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The best agitation is about awareness

Gina Fairley and Richard Watts

A new NAVA campaign targeting our politicians aims to reposition arts and culture at the forefront of the national conversation.
The best agitation is about awareness

Supplied courtesy NAVA 

The National Association of the Visual Arts (NAVA) has launched a new advocacy campaign targeting Australian politicians.

Using the hashtag #artsagenda the peak advocacy agency is encouraging artists to include our nation’s politicians in conversations that really count – conversations driven and facilitated by artists.

'From 5-8 February, we want as many artists and gallerists and curators and artistic directors and art-lovers as possible to use #artsagenda to share how the voice of the artist leads Australia's most important discussions,’ said NAVA Executive Director Esther Anatolitis.

‘We want them to aware of how the choices artists have made to show this work, right now, are critical to the national agenda. What this particular piece is asking us to consider right now.'

The campaign has been launched to coincide with the first sitting days of Federal Parliament beginning the week of 5 February.  

‘There’s a whole bunch of bills and a whole bunch of legislation before Parliament that has been carried over from last year … and they are the most important things before our elected members this week. There are bills that are about terrorism, about financial legislation, about finance,’ said Anatolitis.

‘And this week all the MP’s offices are preparing for the first sitting week – what questions they’re going to be asked in Question Time, how they’re going to respond to those questions that the others ask, what’s on the agenda and how are they going to talk about it.’

The #artsagenda campaign is an opportunity to position the ideas and interests of artists at the forefront of that agenda, Anatolitis explained, by highlighting artists’ current projects and the ideas which inform their work in the same week that Parliament is sitting.

‘All over Australia, artists are putting the final touches to work that they’re about to show next week. And that is work that artists have been thinking about for, probably, years and years. “What will I choose to make work about at this time?” It might be about an issue that is currently political; it might be something that engages with great rigor with that particular discipline that the artist has been working on … It might be something deeply personal, or something that a group of artists have collaborated on, and through that process have come to articulate something that is current, that is compelling,’ she said.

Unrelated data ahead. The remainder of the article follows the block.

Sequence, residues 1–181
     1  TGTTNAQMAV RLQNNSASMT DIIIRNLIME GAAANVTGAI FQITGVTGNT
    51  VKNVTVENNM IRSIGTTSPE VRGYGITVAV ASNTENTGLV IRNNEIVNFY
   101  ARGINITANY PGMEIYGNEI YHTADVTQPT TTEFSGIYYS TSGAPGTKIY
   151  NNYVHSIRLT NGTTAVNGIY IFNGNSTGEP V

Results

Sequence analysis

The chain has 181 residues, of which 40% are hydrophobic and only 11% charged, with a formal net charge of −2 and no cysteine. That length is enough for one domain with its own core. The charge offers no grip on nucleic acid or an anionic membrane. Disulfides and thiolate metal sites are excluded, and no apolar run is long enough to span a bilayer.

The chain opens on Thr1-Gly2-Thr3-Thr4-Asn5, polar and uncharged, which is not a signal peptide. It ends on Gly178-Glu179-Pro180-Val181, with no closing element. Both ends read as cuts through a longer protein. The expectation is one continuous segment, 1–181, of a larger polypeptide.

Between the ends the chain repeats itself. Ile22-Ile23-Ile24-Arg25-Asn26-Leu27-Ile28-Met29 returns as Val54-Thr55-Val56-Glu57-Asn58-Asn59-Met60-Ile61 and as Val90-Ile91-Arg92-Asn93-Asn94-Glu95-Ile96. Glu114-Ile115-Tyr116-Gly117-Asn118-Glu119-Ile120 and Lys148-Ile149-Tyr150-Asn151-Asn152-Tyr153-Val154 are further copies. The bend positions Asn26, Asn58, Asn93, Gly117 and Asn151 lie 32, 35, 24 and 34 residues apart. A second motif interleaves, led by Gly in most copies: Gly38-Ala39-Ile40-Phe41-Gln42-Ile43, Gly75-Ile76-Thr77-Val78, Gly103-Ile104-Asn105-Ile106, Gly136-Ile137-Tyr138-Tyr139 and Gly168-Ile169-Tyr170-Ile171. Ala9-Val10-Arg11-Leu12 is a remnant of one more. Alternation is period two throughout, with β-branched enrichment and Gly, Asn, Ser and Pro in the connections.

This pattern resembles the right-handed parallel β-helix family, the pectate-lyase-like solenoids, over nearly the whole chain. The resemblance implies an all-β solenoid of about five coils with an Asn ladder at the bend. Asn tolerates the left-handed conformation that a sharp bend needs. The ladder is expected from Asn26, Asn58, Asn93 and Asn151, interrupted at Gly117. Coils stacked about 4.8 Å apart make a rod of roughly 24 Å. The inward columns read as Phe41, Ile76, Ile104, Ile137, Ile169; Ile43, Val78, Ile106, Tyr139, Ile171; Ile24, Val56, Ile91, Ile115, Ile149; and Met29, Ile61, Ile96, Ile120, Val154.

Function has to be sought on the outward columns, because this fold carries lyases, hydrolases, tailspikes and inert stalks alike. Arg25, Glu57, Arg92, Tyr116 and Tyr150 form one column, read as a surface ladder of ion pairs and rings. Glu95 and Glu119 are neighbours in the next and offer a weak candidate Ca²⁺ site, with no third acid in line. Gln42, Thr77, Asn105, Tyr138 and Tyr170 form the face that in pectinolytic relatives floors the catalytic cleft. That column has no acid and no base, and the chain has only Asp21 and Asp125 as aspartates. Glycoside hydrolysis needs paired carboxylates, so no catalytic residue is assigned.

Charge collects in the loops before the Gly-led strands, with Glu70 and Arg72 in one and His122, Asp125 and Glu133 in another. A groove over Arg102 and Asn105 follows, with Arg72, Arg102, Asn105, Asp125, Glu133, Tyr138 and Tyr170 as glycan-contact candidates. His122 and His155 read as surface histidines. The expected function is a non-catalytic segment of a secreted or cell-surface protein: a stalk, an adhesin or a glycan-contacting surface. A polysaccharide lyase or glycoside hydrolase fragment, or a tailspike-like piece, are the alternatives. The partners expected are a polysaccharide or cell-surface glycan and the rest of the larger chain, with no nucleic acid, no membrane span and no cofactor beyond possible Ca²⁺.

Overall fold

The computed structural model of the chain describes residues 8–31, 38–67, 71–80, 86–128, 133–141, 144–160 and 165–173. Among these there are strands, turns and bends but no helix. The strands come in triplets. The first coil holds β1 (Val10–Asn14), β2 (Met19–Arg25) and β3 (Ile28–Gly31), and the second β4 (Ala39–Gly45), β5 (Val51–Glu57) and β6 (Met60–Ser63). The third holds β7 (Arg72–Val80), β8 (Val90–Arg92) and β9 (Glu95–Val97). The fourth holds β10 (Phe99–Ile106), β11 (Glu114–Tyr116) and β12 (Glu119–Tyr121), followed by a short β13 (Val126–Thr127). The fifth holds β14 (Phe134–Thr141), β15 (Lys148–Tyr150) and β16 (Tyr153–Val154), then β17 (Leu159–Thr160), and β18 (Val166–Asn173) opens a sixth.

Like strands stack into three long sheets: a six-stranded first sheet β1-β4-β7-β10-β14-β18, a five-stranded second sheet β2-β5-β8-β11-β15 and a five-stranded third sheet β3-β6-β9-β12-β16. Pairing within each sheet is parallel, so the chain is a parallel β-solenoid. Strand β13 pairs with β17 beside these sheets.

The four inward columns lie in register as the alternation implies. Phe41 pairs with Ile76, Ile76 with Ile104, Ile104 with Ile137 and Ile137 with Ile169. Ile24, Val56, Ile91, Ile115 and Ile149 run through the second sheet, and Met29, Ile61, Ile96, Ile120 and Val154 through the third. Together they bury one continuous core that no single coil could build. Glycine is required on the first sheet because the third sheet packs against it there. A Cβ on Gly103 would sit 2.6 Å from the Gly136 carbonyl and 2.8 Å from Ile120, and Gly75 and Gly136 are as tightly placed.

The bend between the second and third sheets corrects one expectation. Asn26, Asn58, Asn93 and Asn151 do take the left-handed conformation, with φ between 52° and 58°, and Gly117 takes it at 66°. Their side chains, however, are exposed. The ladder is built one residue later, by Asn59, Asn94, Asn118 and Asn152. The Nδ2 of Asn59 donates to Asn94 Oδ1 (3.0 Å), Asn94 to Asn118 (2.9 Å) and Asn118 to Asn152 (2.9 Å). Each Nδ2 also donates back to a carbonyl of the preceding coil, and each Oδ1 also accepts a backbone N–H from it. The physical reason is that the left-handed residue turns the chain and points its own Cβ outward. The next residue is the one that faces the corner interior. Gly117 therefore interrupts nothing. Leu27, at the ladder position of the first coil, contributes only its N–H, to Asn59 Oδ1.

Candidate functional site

‘What does the voice of the artist tell us about contemporary times, about what is pressing and important and interesting, and how can we all propel and push that and make it a national focus?’

NAVA's Esther Anatolitis speaks with Melbourne artists at MPavillion on Monday 30 January. Photo credit: Daniel Gardeazabal.

Anatolitis encouraged artists to use the #artsagenda hashtag across all social media platforms; to share their work on a national platform and invite politicians to consider the messages behind it – and also to contact them directly and inform them about the work.

She advised artists to say, ‘I’ve got this exhibition opening in your electorate and here’s what it’s about. I’d love it if you would say something about it – in Parliament would be great – but perhaps you might like to tweet about it?’

By arming politicians, especially backbenchers and local MPs with information about exhibitions in their electorates, artists can help swell support for or against particular concerns and help push arts and the arts sector to the forefront of the national conversation.

What you can do

From Monday 5 to Thursday 8 February, NAVA are encouraging artists across Australia to ask some big questions and put them to our politicians. It’s a strategy designed to enrich decision-making at the highest level with the voice of the artist.
 
Share your exhibition’s take on the national agenda using #artsagenda. How?

  • Write a social media post about how your exhibition’s focus contributes to Australia’s #artsagenda right now;
  • Pitch your upcoming show to your local, suburban and regional media as offering a timely perspective on the nation’s #artsagenda;
  • Tell your local MP what’s showing in their electorate, and encourage them to put out an #artsagenda media release – or ask them for a comment, and share it far and wide.

Anatolitis added enthusiastically: ‘Let’s do this. Join NAVA in building a critical mass of advocacy for the arts during the first sitting week of Parliament – setting a confident national agenda that’s led by artists.’

About the author

Gina Fairley is the National Visual Arts Editor for ArtsHub and Richard Watts is Deputy Editor and Performing Arts Journalist.

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